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Screen shots on the Mac

Recently I needed to do a screen saver that appears to be transparent. Trouble is, ScreenSaverEngine creates the window for you, and it's opaque. So, to work around this, I had to take a screen shot when my screen saver is loaded, and then draw that as my background.

So, how do you do a screenshot from code? Well, the theory is simple: There's a few functions in CGDirectDisplay.h to get the screen's base address, row bytes, size in pixels etc. So, you just use those to copy out your drawings.

The practice is not quite as easy. When you try to directly init an NSData with the base address pointer of your screen, it complains. You'd have to create an NSMutableData and memmove() the data to its mutableBytes. But sadly, this gives you ABGR data on an Intel Mac, which is kind of confusing to Cocoa's NSImage, which expects ARGB. Since there's no flag to tell NSImage to use a different byte ordering, you have to take a detour via CGImage.

Use a preprocessor switch on TARGET_RT_LITTLE_ENDIAN to set the kCGImageAlphaPremultipliedFirst and kCGBitmapByteOrder32Little CGBitmapInfo flags (or whatever is appropriate for the current depth CGDisplayBitsPerPixel gives you). For the "else" case (i.e. big-endian on PPC), specify kCGImageAlphaPremultipliedFirst and default byte order.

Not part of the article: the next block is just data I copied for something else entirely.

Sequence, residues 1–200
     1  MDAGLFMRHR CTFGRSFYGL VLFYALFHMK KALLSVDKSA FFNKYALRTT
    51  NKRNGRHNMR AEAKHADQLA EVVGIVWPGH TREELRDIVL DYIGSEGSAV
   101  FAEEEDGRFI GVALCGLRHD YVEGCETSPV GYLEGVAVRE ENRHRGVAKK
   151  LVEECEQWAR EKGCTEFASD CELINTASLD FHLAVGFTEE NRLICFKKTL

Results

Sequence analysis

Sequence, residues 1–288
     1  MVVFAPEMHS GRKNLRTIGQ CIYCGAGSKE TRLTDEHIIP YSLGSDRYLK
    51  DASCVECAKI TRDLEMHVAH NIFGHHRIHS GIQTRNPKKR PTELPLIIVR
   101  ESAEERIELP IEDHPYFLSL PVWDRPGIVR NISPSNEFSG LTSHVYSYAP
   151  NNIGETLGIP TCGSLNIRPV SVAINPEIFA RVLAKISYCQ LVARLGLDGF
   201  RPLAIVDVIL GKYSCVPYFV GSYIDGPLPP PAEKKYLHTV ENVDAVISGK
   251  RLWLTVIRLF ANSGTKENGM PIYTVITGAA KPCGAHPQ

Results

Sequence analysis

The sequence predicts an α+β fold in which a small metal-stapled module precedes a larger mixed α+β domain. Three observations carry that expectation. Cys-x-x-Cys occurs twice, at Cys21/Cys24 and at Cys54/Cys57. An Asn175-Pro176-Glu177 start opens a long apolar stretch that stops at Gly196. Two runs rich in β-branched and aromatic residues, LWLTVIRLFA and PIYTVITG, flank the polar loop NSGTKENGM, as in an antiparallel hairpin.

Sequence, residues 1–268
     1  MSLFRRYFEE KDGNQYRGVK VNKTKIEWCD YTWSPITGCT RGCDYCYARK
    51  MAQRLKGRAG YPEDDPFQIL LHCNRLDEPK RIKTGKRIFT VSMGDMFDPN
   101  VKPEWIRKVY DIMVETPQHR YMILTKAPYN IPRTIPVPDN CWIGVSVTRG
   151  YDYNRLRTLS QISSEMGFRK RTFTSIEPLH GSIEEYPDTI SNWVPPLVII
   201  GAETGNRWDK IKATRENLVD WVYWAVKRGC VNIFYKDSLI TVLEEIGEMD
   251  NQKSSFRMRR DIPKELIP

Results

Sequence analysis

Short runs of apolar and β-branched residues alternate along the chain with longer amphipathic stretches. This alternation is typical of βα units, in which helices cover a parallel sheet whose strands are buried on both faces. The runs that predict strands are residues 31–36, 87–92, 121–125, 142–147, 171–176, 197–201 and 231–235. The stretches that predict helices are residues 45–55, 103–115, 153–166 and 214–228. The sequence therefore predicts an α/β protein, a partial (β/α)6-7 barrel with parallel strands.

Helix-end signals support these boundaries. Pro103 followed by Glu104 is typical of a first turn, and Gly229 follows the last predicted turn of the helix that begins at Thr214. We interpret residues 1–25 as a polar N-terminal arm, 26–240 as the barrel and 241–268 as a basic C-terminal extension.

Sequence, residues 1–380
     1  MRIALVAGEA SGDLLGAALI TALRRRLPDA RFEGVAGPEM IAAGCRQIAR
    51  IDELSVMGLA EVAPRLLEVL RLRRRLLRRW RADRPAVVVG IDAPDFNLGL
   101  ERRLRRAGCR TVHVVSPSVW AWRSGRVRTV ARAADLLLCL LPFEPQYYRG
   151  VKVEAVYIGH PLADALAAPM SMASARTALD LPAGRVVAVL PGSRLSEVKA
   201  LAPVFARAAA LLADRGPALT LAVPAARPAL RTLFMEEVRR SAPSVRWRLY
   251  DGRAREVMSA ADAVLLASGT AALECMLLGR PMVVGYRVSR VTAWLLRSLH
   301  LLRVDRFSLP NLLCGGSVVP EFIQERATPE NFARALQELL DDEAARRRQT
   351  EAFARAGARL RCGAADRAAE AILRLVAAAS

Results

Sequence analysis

Now, the CGImage is created pretty easily, but you'll have to notice that it refers to the screen buffer directly, and thus does "live updates" while you're doing screen shots. So, saving this away is pretty pointless. So, in the end, you'll have to create an NSImage of the appropriate size and use CGContextDrawImage to make an unchanging copy, and that you can save away in a movie or whatever.

If you're a Carbon coder, you might even be able to use the CGImage directly with the QuickTime APIs, but I haven't tried that (yet).

Also, be wary of keeping around the CGImage: you'll get a royal pixel massacre if someone changes the screen depth or size and you then use it again. So, you may want to sign up for some display size change notifications etc.

Reader Comments: (RSS Feed)
ken writes:
NSBitmapImageRep can deal directly with alpha first data. Pass NSAlphaFirstBitmapFormat as the bitmapFormat argument to the most massive init method (longest method in Cocoa!).
Uli Kusterer replies:
It's not the alpha-first that causes the problem. It's the order of the R and B color components (or rather, the byte-order of the pixel data). The pixel data GCDirectDisplay gives you is little-endian, while Cocoa seems to be hard-coded to big-endian for backwards compatibility.
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Created: 2006-12-12 @960 Last change: 2018-01-23 @462 | Home | Admin | Edit
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